In Network preferences, is the little dot next to the word "Ethernet" green? Or is it yellow or red? I thought I had attached a screenshot to the last post, but apparently not. I'll try again here.

    Now you know the IP address of your printer, you can try the following, which may or may not work:
    1. Type "http://0.0.0.0" into your web browser and see if you get the printer's control panel.
    2. In the Terminal, type "telnet 0.0.0.0" and see if that gives you a text-based interface.
    Then set the IP address as mentioned earlier, according to your local network scheme.
     

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  7. Alexander Carr thread starter macrumors newbie

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    Jun 11, 2013
    #7
    Hi Bigwiggy - The little dot next to the word Ethernet is green. However, typing 0.0.0.0 directly into my web browser results in an "Unable to Connect" message. You're right about the cable being Ethernet - I looked at it under a magnifying glass and and saw on Wikipedia the same cable, which has 'Cat 5' embossed on the external part of it, same as mine:cool: However, I wonder if the printer control panel is a red herring as I've never raised it on this printer, which is, I should add, perhaps 8 years old, maybe even older! But it is an astonishingly reliable and productive workhorse and I've very reluctant to lose it. Any thoughts about Airport not being visible in the Network pane? In the Network window I see the IP Adress 192.168.1.69, Subnet Mask: 255.255.255.0, Router: 192.168.1.254, DNS Server: same as router but grayed out.
    Here's hoping....
    Alex
     
  8. benwiggy macrumors 68020

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    Jun 15, 2012
    #8
    If you look at my picture, Apple calls it "WiFi", not "Airport". Those IP numbers sound like typical network settings, which suggests that you are connected to your wireless router. They're greyed out because the padlock is on, but you don't need to mess with them.

    Many old HP printers will have a web control panel. It's actually the JetDirect network card that deals with it.
    Did you try telnet?
    Alternatively, can you set an IP address on the printer's own menu using the buttons? Set it to something in the same range as the Ethernet IP address, as I outlined in my first response.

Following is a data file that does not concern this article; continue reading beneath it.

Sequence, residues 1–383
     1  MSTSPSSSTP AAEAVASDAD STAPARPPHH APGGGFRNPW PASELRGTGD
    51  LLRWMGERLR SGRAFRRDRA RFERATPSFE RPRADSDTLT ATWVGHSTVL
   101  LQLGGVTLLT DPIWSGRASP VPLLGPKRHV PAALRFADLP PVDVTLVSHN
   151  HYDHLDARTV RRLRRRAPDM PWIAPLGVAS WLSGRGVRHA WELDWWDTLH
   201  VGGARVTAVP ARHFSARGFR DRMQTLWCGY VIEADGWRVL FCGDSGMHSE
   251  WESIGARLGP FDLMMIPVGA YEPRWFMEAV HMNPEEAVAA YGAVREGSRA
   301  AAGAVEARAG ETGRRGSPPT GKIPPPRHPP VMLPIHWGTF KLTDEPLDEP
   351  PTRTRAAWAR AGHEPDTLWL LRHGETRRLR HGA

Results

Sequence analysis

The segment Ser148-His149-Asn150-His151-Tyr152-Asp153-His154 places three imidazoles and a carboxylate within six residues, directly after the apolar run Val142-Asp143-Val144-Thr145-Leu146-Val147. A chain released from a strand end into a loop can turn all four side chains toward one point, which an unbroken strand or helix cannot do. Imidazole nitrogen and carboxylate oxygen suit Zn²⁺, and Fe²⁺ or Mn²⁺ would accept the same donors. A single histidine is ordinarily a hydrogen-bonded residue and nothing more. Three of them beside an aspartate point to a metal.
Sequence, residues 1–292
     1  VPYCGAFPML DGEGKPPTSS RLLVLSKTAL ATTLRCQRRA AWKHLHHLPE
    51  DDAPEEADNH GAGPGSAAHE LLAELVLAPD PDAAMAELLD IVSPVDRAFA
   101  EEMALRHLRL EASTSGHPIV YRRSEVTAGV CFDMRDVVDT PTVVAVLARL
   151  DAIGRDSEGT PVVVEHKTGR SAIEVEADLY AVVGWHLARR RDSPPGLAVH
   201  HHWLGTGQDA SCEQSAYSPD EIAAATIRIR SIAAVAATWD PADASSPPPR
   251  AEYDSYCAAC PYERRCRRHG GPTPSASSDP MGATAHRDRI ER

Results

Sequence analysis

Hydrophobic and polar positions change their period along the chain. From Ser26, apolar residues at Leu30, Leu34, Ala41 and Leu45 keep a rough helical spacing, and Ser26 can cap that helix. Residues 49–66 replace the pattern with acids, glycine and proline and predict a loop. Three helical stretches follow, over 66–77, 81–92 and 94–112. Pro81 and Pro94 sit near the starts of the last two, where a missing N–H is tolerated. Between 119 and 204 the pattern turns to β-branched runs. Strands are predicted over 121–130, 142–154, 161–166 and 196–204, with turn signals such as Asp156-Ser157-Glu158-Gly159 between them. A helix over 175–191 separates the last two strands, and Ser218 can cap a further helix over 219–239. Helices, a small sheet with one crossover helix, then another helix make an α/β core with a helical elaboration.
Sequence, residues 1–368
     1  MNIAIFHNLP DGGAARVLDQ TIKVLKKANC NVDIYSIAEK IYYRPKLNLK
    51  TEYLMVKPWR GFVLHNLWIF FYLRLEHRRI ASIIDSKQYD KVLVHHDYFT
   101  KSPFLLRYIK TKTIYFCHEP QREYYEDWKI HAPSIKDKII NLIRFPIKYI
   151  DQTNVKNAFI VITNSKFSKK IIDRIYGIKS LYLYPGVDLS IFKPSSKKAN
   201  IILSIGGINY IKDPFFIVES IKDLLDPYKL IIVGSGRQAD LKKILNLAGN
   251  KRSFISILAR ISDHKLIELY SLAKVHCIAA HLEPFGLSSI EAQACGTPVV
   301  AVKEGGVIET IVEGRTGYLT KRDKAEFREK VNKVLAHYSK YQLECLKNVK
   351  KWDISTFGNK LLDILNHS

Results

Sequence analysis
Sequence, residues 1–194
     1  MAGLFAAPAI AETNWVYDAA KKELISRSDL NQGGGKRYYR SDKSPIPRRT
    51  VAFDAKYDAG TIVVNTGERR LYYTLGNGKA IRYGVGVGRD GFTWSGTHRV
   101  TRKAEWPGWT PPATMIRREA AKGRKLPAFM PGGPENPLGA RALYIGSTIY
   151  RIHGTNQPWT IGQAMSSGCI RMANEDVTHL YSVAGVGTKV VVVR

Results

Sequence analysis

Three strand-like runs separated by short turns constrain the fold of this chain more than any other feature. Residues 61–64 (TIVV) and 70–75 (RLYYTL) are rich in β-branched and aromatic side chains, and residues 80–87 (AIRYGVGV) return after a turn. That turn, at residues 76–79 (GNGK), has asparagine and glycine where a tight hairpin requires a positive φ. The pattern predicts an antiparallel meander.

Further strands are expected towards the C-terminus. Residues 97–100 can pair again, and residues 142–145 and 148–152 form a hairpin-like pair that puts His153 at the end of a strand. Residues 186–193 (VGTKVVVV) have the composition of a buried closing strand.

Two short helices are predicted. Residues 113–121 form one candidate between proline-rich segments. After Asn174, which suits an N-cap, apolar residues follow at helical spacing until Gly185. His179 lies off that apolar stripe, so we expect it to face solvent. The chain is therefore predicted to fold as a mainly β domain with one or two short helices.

9. Alexander Carr thread starter macrumors newbie

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    Jun 11, 2013
    #9
    Hi Benwiggy - I thought WI-Fi & Airport were two seperate entities! Anyway, I went to Telnet, but you must understand the language on the site is a bit incomprehensible to me... it's not at all obvious how one proceeds, or even where to begin. The only thing I've successfully done is rest the position of Airport/Wi-Fi, so now it leads off. You refer to the printer's own menu - but where & how does one get that menu? I presume you're not referring to the Add Printer pane? One question - in that pane which are we working with, HP Jetdirect Socket, Line Printer Demon, or Internet Printing Protocol?
    Look forward to your thoughts
    Alex
     
  10. benwiggy macrumors 68020

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    Jun 15, 2012
    #10
    When I say "set the IP address on the printer", I mean use the printers little display and buttons.

    We haven't got to the Add Printer pane yet: we're just trying to get the two devices on the same network. Then we can connect them with a print queue.
     
  11. Alexander Carr thread starter macrumors newbie

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    Jun 11, 2013
    #11
    Thanks for that. I'm sorry to be such an ignoramus, but how to find and activate the printer's little display and buttons?
     
  12. benwiggy, Jun 12, 2013
    Last edited: Jun 12, 2013

    benwiggy macrumors 68020

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    #12
    OK, looking at the manual, it seems that the printer doesn't have much in the way of its own control panel/menu buttons.

    Let's try using your web browser again, this time for this address:
    http://0.0.0.0:8000
    But this time, turn off your Wifi, so that there's no choice but the Ethernet cable.

    Can you get to the printer's control panel there?

    If not, then you'll have to use the telnet program. It should say something like "type help (or ?) for help", and that should give you a list of commands that you can apply.